Information breakfast; Risk at the Crossroads
Here’s our roundup of the weekend’s main economic events affecting New Zealand, with news that the week ahead will be dominated by interest rate decisions from major central banks including the US Federal Reserve, the Bank of Japan and Bank of England. The August inflation rates reported for Japan and Canada will also be of concern.
All this will come after global recession warning of the World Bank which focuses the minds.
Most stock indexes ended last week down sharply as investor fears grew. And S&P500 futures suggest Wall Street will open tomorrow -0.8% lower. Since its peak in January of this year, the S&P500 is now down -19.3%. The cacophony of news when it reaches -20% and a bear market could well drive it to a new low. It is certain that the p/e ratios must be corrected in this new environment of much higher benchmark interest rates.
But consumers seem to have had enough the “fear” mood – they already did. Now they seem to feel better about life.
In the United States, the University of Michigan consumer sentiment survey increased to its highest level in five months, under the effect of a sharp and recent drop in inflation in gasoline prices. Will it last? Who knows. Will the mood of investor fear last? It looks equally uncertain, but they have to swallow mounting losses. Along with their bond investor brethren, stock market losses mount and portfolios lose value. Negative mood could become a self-fulfilling trend in the second half of 2022.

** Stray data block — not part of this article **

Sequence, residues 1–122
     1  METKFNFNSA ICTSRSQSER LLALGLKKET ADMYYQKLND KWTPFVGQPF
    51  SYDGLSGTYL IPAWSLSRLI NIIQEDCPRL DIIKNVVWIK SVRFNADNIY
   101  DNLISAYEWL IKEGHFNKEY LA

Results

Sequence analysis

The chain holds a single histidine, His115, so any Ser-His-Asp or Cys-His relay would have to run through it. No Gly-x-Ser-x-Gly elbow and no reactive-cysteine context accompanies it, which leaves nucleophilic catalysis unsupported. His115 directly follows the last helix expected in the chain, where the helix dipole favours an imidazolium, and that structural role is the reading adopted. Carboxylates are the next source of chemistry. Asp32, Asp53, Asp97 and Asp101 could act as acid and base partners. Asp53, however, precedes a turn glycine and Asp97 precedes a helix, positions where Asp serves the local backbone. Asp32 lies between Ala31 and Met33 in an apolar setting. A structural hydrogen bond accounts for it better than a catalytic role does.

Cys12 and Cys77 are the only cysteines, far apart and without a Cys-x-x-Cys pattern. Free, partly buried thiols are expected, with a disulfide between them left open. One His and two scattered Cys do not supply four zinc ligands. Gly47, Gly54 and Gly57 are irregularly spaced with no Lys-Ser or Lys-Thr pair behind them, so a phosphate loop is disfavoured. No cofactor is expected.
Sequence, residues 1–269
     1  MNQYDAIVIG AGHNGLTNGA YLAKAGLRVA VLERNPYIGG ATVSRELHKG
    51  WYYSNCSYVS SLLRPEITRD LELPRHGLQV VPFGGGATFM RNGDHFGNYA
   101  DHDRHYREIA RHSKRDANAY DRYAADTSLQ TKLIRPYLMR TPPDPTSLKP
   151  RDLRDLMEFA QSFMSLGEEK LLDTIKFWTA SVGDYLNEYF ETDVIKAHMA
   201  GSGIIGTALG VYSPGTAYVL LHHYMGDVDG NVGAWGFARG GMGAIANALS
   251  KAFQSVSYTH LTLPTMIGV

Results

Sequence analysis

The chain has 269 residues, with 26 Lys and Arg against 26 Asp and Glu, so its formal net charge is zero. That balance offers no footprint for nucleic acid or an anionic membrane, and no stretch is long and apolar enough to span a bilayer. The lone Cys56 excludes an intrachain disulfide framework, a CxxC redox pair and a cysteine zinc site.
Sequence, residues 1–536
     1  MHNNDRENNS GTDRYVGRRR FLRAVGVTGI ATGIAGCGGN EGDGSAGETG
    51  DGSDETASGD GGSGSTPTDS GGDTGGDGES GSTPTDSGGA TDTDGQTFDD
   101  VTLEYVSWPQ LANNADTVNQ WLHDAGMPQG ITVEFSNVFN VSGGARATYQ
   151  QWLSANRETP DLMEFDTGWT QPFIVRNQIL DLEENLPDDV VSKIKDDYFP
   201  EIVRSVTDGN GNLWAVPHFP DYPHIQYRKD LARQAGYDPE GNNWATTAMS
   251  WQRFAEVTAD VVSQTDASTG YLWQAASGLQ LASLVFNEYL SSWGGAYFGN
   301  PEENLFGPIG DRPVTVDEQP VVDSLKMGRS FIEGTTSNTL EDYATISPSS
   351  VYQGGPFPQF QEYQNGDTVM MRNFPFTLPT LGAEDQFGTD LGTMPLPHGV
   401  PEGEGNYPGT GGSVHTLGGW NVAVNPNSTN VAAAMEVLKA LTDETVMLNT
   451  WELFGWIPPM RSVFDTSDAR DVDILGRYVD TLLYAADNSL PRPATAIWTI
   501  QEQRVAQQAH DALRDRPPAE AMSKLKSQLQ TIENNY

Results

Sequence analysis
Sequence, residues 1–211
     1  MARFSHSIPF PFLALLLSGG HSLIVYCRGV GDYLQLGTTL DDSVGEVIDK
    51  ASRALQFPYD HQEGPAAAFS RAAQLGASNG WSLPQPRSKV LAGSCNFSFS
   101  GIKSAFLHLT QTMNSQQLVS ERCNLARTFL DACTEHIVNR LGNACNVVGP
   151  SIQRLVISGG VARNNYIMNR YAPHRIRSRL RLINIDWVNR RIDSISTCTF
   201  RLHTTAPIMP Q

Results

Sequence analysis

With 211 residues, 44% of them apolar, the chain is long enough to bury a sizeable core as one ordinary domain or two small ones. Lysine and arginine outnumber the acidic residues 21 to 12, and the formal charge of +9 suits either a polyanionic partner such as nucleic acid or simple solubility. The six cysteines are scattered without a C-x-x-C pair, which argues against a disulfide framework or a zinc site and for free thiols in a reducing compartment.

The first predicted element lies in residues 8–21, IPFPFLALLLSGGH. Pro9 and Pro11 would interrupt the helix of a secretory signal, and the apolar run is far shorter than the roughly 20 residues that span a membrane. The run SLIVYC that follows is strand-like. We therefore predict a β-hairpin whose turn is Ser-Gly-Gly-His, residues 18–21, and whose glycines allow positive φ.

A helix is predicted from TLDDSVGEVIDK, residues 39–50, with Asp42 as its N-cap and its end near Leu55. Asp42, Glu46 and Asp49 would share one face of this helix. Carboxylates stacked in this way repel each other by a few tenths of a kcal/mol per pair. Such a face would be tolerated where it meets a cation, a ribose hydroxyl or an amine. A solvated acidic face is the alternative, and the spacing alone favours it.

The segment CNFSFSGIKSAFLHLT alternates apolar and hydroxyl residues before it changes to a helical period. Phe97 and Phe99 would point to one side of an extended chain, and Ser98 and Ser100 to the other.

More positively, it should be noted that the “provisional settlement“of the US rail dispute is a significant risk far from the immediate future. Given where the parties were, it is quite an achievement, under pressure. Ratification seems likely.
China released key data on Friday evening, and some of it was unexpectedly positive. Retail sales rose +5.4% in August compared to a year ago, an expansion twice the rate of July. Industrial production grew by +4.2% on the same basis, also beating expectations. In reality, electricity production surged in August, up nearly +10% from levels a year ago. But that’s still a bit of a puzzle because these recent “power” surges are much more than can be explained by industrial activity or consumer behavior.
The Chinese central bank fixed the value of the yuan (CNY) at 6.93 per US dollar on Friday. But in freely traded offshore markets, CNH is trading at over 7. If you can get CNY out of China, there is now a good arbitrage trade with an “easy” 1% gain on every trade.
Chinese citizens are as heavily “invested” in residential real estate as Kiwis, perhaps even more so. But Data Friday shows that in 50 or their 70 largest cities, new home prices fell in August compared to July. This is the maximum in more than seven years. More broadly, for home resales, 56 of these 70 cities posted price declines. The impact of the “wealth effect” on large numbers of Chinese households will be negative and, for many, worrisome. It may be that there is construction of a social malaise.